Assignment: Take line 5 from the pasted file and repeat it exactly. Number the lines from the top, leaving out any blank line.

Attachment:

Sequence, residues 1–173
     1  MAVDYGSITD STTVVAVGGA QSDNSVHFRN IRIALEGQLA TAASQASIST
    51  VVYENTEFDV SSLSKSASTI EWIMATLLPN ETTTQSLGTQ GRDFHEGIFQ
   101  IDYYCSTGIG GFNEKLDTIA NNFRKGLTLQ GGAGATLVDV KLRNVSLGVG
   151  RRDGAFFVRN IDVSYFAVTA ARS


   151  RRDGAFFVRN IDVSYFAVTA ARS